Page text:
In order to detect a possible clockwise rotation of the Korean Peninsula with respect to the North China Block, Early Triassic rocks in the Ryeongnam Block, Korean Peninsula have been restudied. Sandstones in the Nogam Formation were collected at four sites for palaeomagnetic study. A high-temperature magnetization component with an unblocking temperature of 690 °C is isolated from all sites and yields a positive fold test at the 95 per cent confidence level. This high-temperature component is interpreted to be of primary origin because folding is Middle Triassic in age. The primary directions together with previously reported ones give a new Early Triassic mean direction (D = 347.4°, I = 23.8°, α95 = 5.1°) and corresponding palaeomagnetic pole (62.6°N, 336.1°E, A95 = 4.2°) for the Ryeongnam Block. This improved Early Triassic pole for the Ryeongnam Block is located to the west of the coeval poles for the North China Block. It is therefore concluded that the Ryeongnam Block underwent clockwise rotation of 10° - 15° with respect to the North China Block. Because the amount of rotation observed in the present study is comparable with rotations observed in Cretaceous results from the Ryeongnam Block and in the Triassic-Cretaceous results from other blocks in the Korean Peninsula, the whole of the Korean Peninsula appears to have been subjected to clockwise rotation in Tertiary times.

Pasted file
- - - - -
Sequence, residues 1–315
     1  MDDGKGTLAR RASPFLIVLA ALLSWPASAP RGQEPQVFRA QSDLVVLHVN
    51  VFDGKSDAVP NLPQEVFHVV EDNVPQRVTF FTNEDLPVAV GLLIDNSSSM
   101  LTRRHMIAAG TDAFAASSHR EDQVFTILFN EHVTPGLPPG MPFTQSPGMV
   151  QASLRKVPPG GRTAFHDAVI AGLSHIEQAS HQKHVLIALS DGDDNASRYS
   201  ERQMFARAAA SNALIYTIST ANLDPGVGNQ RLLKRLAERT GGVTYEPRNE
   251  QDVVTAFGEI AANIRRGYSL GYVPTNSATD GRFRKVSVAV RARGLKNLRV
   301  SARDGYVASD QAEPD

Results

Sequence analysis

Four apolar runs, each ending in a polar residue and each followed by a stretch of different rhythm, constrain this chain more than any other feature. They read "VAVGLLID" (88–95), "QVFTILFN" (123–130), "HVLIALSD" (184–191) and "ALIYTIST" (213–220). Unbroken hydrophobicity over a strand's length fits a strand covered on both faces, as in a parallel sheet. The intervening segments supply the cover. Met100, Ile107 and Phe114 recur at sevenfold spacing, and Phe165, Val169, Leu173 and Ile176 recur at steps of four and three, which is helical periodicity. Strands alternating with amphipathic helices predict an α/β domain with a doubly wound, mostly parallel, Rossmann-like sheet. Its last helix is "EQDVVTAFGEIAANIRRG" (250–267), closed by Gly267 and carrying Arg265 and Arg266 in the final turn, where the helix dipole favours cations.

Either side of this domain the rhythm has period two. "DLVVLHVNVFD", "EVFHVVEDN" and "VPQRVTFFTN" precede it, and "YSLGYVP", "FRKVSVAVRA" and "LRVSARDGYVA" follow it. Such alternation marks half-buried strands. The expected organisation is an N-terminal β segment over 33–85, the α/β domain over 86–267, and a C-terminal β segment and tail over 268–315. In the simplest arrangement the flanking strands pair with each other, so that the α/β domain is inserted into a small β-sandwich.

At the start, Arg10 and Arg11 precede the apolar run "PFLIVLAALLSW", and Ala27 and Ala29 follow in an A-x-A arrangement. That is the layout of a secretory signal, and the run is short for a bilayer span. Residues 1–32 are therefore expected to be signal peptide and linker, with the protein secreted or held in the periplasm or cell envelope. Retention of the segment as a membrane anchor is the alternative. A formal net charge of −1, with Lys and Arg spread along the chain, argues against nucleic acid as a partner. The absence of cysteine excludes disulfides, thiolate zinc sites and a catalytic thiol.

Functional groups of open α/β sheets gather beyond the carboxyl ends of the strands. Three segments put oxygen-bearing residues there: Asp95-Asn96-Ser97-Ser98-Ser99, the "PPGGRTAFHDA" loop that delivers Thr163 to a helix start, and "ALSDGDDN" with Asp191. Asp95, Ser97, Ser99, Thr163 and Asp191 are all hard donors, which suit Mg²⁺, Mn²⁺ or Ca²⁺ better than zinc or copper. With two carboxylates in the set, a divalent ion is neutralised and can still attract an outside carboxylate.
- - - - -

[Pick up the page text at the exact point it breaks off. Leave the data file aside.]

ASJC Scopus subject areas
- Geochemistry and Petrology